The Reformation: Why was it tragic?

This is the third of a three part series. Click here to read part one. Click here to read part two.

The What and the Why Behind the Reformation

The late church historian Jaroslav Pelikan said that the Reformation is helpfully understood as a “tragic necessity.” What was the Reformation and why was it necessary? In answering those two questions the magisterial Reformers play the role of hero, rescuing the church from the oppressive grip of the Roman Catholic Church, which had become corrupt with the practice of simony, selling indulgences, the sacerdotal system, and keeping the Bible out of the common language of the people. This is why we are Protestant. This is our inheritance and this is what we should celebrate.

The Loss of Biblical Authority

Yet, what is often left unsaid is that the Reformation turned the Bible into a contested book.[1] Different Protestant groups emerged. The church was splintered. Unity was fractured. The church was divided. The Bible became a contested thing among various groups, from Roman Catholics to Lutherans, from the Reformed to the Anabaptists, and seemingly countless others. As the different groups argued about Scripture, the Bible’s wider cultural authority waned. Disagreement on how to interpret the Bible was a standing invitation for skeptics and atheists. After all, if Christ can’t be divided (1 Cor. 1:13), but the church is internally divided, then maybe there is no Christ at all. It is precisely because Scripture gradually lost its position as culture’s highest authority—especially after The Enlightenment—that David Wells can say that the world now lives with a “crisis of authority” in which any remaining authority has been relocated to the self. The church is not unblemished from these developments.

The Self Becomes god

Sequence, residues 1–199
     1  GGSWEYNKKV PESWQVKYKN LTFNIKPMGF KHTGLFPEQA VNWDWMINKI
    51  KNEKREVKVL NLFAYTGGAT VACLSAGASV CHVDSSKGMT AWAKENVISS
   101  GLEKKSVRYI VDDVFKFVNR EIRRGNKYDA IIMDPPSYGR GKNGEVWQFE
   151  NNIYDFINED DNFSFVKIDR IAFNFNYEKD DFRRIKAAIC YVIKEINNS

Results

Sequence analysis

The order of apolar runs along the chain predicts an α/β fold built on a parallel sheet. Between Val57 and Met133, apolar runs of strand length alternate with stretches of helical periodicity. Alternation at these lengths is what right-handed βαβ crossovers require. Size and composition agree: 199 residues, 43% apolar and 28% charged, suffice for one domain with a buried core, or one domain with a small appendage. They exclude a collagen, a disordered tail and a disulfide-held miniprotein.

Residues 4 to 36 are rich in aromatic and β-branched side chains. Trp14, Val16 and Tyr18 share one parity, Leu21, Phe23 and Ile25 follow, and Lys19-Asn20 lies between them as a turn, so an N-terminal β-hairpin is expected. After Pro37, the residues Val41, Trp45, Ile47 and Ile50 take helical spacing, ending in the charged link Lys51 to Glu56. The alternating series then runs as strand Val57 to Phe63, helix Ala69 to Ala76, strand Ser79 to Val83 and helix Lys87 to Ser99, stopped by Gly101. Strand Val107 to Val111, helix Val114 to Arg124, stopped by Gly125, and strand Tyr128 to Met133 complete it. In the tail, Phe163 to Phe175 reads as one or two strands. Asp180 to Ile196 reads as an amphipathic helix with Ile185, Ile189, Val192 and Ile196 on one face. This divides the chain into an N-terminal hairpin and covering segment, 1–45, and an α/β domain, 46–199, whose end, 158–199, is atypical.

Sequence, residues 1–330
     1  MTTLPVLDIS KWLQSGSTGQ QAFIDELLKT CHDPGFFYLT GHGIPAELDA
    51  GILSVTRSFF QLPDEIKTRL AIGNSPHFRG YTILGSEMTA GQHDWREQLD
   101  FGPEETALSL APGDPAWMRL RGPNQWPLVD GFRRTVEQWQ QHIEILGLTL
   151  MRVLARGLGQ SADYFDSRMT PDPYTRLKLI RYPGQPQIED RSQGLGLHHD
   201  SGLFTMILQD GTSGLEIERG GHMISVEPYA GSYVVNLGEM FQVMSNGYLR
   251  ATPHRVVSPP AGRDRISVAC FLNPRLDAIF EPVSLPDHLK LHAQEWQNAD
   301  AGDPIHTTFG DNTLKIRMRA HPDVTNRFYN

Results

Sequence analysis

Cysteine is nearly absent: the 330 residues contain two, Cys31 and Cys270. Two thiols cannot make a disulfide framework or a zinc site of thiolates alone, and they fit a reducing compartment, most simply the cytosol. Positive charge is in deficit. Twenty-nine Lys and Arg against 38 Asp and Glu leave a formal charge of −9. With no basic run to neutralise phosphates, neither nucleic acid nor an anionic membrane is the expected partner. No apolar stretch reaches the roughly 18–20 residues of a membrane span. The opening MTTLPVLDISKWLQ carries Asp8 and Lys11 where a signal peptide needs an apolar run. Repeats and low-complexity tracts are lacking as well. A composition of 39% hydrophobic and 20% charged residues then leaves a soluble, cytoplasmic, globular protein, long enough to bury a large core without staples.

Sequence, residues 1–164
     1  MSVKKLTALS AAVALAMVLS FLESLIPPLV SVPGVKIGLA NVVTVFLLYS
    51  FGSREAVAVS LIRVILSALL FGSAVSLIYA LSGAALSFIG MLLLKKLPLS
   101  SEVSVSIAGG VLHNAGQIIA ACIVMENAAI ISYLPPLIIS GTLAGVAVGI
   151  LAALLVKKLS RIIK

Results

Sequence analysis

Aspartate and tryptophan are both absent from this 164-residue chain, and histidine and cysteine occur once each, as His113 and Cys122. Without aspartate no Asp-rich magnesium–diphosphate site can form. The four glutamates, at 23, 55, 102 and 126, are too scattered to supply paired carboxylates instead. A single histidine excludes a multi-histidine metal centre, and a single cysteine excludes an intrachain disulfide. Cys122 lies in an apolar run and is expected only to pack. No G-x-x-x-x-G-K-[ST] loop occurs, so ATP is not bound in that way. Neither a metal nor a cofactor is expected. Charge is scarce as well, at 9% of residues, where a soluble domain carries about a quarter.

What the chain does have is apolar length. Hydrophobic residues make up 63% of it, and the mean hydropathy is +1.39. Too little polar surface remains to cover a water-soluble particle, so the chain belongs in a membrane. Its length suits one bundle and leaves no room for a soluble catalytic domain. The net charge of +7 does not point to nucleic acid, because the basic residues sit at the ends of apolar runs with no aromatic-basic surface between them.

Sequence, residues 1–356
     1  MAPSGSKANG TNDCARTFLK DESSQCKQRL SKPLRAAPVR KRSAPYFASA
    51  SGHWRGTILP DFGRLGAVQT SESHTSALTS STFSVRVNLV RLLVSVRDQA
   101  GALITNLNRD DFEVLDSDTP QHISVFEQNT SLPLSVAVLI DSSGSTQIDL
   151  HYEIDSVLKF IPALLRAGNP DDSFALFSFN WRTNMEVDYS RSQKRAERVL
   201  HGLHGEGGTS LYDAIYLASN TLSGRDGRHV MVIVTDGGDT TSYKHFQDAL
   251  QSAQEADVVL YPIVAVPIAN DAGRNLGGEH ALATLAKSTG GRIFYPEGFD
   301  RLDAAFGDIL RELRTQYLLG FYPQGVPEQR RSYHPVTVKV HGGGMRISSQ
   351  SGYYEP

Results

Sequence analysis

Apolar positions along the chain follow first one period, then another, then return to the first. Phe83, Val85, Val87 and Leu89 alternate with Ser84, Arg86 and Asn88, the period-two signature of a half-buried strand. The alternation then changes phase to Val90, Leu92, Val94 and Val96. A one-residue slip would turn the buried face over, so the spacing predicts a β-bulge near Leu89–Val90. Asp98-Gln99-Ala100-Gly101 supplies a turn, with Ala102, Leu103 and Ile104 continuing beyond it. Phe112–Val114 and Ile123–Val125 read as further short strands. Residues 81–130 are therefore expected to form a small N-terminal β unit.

The church has been tutored by the doctrine of secular culture, especially the doctrine of individualism.[2] Robert Bellah calls it expressive individualism. David Wells calls it “the bloated sense of human capacity.”[3] We live in an age of choices, consumer choices superficially considered, but also religious choices. With the burden of individualism—choices—everyone is expected to realize their humanity apart from outside influences conforming or lording over them. It is worth pointing out that in the matrix of “free” consumer choices, it often goes unrecognized by the consumer that, for example, wearing all black, with black lipstick and black fingernail polish, is conformity to the corporate strategy of skateboard sellers and tattoo businesses. Nevertheless, the dogma of expressive individualism assumes that if an outside authority—like God—dictates a person’s humanity, then they are no longer human. It is a world where the “major remaining value is choice itself.”[4] In the secular scheme, to be authentic, to be authentically human, one’s unfettered libertarian choices must function as the primary value. Libertarian choices provide authenticity for what it means to be human.[5] The implication is displayed in the Star Wars movie series where the characters are often encouraged to trust their own feelings. If libertarian freedom is the supreme human value, then the feelings that arise from within must be followed. It is a failure to see that self-autonomy is not freedom, but a different kind of captivity, namely, slavery to self.